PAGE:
Pakistan is a pilot country for the “One UN” framework. Confronted with the deteriorating humanitarian situation, the UN appointed the Resident Coordinator to be the Humanitarian Coordinator as well. This person is based in Islamabad, and is responsible for carrying out the country team’s agenda. Although OCHA staff work for his office, there is no separate OCHA agency. The coordinator has to balance his role of supporting the long-term development initiatives of the government with sometimes conflicting humanitarian concerns. As a result, there is no dedicated voice to speak out on protection of civilians.

The UN must make civilian protection a priority, either by establishing an independent OCHA office, like in Afghanistan, or by appointing a senior deputy Humanitarian Coordinator based in Peshawar. This person would need to have support from OCHA in New York and the Resident Coordinator’s office in Islamabad, as well as adequate resources to engage with all factions, facilitate humanitarian coordination and information management, and lead advocacy efforts in favor of protecting civilians by all parties to the conflict. International donors must also provide their full support for an increased UN advocacy role, and must raise these issues with the Pakistani Government. Providing funds for UN appeals is not enough. Since the international community is supportive of the military operations in the NWFP, it must ensure that humanitarian law is respected and that civilians are protected.


Afghanistan and Pakistan face distinctive challenges, not least because of the two governments’ widely different abilities to monitor, assess and respond to crises. Nevertheless, the conflict is no longer confined to Afghanistan. The narrative of Afghan refugees returning home hides a more complex two-way migration driven by safety and economic considerations. Moreover, the operations of aid organizations in Afghanistan affect those in Pakistan, and vice-versa. Humanitarian agencies should be aware that perception of political affiliation to one party to the conflict has implications on both sides of the border. To increase the stability of this strategically important region, aid should be allocated based on a thorough analysis of community needs, not on politically-motivated goals. As for the UN, if it wants any credibility in the region, it needs to reclaim its rightful place as the voice for civilians affected by conflict. Right now, nobody is speaking for them.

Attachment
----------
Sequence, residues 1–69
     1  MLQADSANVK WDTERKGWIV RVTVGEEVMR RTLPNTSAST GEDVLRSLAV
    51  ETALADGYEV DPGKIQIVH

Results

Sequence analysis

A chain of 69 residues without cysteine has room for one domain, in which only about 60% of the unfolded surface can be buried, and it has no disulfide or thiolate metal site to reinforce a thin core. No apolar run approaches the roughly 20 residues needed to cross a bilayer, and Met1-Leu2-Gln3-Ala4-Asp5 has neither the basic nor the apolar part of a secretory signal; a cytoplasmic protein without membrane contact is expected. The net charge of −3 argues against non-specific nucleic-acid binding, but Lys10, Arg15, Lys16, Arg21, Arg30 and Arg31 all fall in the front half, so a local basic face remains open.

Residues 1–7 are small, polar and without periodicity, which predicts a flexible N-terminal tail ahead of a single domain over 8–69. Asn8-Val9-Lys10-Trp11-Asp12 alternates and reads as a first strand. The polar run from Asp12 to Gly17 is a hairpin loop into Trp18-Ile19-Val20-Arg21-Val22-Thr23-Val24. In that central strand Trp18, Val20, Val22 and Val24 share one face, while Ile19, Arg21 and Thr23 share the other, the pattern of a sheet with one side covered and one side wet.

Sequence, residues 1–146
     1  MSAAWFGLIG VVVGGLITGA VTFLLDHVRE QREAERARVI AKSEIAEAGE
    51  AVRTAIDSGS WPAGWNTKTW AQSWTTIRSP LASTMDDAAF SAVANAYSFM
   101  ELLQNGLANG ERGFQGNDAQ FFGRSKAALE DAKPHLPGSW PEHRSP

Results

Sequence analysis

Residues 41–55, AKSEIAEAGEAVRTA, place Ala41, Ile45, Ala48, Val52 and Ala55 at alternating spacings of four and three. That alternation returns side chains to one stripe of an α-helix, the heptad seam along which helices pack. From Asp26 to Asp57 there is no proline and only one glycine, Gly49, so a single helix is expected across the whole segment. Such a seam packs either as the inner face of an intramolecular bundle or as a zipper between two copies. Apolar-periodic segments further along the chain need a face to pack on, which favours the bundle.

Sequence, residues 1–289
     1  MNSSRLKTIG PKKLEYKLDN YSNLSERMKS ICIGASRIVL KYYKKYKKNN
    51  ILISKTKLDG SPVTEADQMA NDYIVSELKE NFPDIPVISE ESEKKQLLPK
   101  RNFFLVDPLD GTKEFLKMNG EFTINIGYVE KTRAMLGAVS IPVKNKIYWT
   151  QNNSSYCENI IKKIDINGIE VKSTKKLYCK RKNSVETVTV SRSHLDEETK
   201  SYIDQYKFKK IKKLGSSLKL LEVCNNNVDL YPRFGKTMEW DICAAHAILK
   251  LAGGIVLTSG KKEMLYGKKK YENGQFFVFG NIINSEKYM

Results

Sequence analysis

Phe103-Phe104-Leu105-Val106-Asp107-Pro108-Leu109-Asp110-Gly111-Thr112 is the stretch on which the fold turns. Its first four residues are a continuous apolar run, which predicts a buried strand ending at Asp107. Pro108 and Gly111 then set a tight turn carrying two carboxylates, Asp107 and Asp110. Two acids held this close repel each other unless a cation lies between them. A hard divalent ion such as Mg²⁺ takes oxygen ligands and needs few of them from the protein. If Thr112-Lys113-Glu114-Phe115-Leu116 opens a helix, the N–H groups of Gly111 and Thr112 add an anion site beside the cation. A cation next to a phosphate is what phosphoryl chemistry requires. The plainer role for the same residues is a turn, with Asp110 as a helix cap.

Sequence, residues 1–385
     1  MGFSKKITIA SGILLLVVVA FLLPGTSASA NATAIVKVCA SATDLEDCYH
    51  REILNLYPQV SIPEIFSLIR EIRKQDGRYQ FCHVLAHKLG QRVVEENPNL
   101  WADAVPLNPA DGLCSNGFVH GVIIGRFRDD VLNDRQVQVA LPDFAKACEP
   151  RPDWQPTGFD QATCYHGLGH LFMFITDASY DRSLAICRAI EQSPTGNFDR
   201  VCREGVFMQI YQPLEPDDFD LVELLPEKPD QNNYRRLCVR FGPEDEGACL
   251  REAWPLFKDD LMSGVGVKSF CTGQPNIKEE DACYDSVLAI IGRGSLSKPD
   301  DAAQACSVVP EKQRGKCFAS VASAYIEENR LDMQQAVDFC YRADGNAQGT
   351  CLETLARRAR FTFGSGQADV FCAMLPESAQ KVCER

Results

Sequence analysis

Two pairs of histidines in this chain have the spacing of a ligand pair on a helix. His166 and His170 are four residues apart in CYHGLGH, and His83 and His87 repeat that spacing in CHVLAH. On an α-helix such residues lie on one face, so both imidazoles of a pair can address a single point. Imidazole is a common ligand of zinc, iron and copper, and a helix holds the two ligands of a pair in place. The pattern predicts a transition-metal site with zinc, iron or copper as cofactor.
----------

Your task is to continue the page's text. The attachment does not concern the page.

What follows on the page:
Senior Advocate Kristele Younes and Advocate Patrick Duplat assessed the situation for displaced people in Afghanistan and Pakistan in December 2008.